Continuing on from my Economics and Budget discourse from the previous month (Issue 140, Oct ‘07), I have been further exercising my brain about the arbitrary nature of our current economic paradigm and how this compares to the mechanistic/ wholistic dichotomy in healthcare.
It has been accepted for several decades within the Complementary and Integrated Health community that the linear Descartian logic, viewing the body as a mechanical machine, is outdated. Progress in psychoneuroimmunology, quantum physics and graphical depictions of how the mind influences body functions has resulted, in the so-called ‘wholistic’ paradigm view, that the Mind, Body and Emotion/ Spirit are interconnected.
I have been further reflecting that a similar dichotomy exists in Economics and Business. The linear analogy – that there is a fixed pot of money and it gets doled out to people and businesses according to their worth, is how budgets now rule our entire lives. Hospitals, nursery centres, schools, businesses, clinics, practitioners – every enterprise, in fact – now works to a budget, as does the country and government.
Whereas, however, all businesses, hospitals and people survive or fail according to ‘market forces’, the government can decide to increase their budget deficit: go to war, build more roads, host the Olympics, expand the nuclear power program, etc. And whereas the government and the Banks have huge resources of capital funds, the rest of us don’t have that luxury. We all have to do our budgets, launch our programs, cut costs, work harder; if money runs out and we are not rescued by some charitable act, we are at the mercy of the Banks and the Tax Man. There is no get-out-of-jail card for the too hard-working, usually indebted self-employed or small businesses which make up the bulk of the Complementary and Integrated Health communities.
And just who determines the value of goods? Who says that a footballer or rock star should be worth more than an ambulance driver or doctor, or that gold or silver should be worth more than topsoil or peat or granite? These values are not only arbitrary, but they are also not real, almost virtual, because in the real world, we have to grow food, drink water and breathe air to live, not trade in derivative bonds or kick a football around.
A recent Radio 4 business expert commented that the notion of a ‘heart’ of business, which had recently gone out of fashion, is making a comeback. In other words, to be a living, breathing and viable entity, a business or service had to have craft, expertise and ‘love’ for what they did, and that their products or services would therefore find a market of like-minded customers who appreciated this expertise. This is the equivalent, in my mind, of the mechanistic versus wholistic healthcare debate.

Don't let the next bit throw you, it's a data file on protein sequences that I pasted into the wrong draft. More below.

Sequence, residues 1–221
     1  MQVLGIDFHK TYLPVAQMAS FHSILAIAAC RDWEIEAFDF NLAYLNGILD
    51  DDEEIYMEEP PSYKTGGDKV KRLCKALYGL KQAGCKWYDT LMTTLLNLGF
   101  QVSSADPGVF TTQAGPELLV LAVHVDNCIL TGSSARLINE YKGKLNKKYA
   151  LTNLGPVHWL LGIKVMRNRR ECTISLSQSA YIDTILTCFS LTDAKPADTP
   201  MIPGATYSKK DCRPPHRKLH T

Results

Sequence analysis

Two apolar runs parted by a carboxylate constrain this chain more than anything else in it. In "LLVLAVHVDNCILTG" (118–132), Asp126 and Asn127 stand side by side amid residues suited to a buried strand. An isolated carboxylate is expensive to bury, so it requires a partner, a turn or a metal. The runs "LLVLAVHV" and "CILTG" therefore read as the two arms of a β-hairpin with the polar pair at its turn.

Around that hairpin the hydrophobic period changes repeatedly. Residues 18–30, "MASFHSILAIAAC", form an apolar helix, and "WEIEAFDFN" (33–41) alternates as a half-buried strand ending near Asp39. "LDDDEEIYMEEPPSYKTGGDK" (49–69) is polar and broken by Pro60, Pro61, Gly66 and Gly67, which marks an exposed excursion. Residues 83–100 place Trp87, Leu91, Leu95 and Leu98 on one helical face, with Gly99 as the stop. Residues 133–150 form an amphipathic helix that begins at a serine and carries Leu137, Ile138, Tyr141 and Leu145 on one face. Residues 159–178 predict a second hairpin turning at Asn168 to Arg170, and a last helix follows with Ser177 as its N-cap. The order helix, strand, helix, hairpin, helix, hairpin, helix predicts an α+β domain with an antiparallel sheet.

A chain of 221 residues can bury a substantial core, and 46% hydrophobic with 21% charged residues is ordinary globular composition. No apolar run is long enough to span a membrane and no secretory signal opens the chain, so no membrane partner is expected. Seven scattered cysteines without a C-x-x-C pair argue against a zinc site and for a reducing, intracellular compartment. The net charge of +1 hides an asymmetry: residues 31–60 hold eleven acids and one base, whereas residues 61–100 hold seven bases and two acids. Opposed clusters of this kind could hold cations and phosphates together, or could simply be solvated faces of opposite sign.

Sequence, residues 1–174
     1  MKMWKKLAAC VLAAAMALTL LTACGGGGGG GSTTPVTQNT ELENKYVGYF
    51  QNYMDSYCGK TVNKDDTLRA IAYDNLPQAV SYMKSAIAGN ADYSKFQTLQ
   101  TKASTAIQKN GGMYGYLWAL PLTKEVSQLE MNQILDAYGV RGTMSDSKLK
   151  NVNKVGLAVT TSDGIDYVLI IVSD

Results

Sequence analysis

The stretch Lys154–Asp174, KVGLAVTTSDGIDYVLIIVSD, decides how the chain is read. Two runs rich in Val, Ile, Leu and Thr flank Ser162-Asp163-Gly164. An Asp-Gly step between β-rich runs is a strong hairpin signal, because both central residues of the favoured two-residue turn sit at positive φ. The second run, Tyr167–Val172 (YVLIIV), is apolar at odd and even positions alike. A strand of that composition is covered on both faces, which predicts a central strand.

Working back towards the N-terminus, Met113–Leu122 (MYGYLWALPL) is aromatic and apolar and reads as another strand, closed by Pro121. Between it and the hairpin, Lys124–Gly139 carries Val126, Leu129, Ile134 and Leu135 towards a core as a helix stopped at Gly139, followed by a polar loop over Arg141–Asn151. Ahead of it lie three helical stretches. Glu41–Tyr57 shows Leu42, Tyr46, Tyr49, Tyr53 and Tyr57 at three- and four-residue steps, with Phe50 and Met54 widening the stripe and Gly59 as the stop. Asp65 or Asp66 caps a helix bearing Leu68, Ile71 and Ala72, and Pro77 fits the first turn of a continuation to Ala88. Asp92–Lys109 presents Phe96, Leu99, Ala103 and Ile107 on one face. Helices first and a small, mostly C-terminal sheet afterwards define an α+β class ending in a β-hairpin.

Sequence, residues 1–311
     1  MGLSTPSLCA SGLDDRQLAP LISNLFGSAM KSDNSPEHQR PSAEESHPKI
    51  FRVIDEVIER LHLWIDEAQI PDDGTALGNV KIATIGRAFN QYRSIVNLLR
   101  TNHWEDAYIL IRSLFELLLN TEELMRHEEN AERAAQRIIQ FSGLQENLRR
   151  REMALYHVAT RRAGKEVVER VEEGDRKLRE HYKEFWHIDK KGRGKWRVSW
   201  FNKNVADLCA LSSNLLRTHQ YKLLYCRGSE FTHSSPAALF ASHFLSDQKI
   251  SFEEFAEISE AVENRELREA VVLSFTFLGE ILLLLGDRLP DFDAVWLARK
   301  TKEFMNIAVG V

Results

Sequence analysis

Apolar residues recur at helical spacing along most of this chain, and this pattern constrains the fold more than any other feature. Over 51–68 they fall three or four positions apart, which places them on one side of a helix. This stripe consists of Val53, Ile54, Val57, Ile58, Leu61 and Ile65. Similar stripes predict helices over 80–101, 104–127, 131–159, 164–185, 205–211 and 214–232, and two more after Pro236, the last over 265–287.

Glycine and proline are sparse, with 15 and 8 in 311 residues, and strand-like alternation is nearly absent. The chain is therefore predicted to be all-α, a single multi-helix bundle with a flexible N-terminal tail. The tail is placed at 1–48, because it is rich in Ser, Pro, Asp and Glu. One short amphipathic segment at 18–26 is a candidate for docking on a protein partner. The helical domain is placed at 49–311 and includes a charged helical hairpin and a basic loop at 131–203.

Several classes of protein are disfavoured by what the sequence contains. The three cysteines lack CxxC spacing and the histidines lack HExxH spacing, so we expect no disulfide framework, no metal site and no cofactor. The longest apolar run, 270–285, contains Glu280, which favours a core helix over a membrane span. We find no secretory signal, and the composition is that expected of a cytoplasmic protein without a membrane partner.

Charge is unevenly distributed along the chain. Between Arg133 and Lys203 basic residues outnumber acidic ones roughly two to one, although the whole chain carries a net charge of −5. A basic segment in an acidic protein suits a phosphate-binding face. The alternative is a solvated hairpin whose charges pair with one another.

Bodyworkers, Hypnotherapists, Reflexologists, Nutritionists, Midwives and Physiotherapists – all these qualified, caring and competent practitioners make an extraordinary contribution to the lives of their patients, and to the universal healthcare knowledge base. There is not – as the randomized double-blind controlled trials fundamentalist brigade would have us believe – merely one type of research evidence; the whole of medicine and healthcare’s experience in healing human beings and animals embraces the anecdotal Clinical Case Studies, laboratory tests, small preliminary trials and cohort studies as well. Yet another attack at the validity of herbal medicine was launched just prior to going to Press, with a pathetic ‘systematic review of the herbal medicine literature’ which consisted of merely 3 studies!!
My hat goes off in admiration to Richard Graham, Physiotherapist and Founder of PhysioMed Overseas, author of Barefoot in Honduras
(page 19), cover story of this November Issue of PH
. This inspiring story narrates how small groups of medics and physios, with virtually no equipment more sophisticated than ice and heat packs, Acupuncture needles and the like, work in poor countries such as Honduras. These unpaid, voluntary workers have to set broken limbs, fix gunshot wounds and burns in the most primitive of conditions. The woman on the PH
cover had been suffering from trigeminal neuralgia for 15 years and hadn’t been free of pain until acupuncture administered by Physiomed practitioners.
These are true heroes; if you asked the people that had been helped by their kindness and largess about their worth, I bet that it would have exceeded the values of stockbrokers or pop stars. Health is priceless; those of us administering healthcare should remember that the tools of our trade are valuable economic weapons.
We have just launched a new inexpensive online DIY text ad facility for practitioners without budgets. You can set your own ad and change it as often as you like. More information on page 17.
1. R Guo PH Canter and E Ernst. A systematic review of randomised clinical trials of individualised herbal medicine in any indication. Postgrad Med J
633-637. doi: 10.1136/pgmj.2007.060202. http://press.psprings.co.uk/pgmj/october/633_pj60202.pdf 2007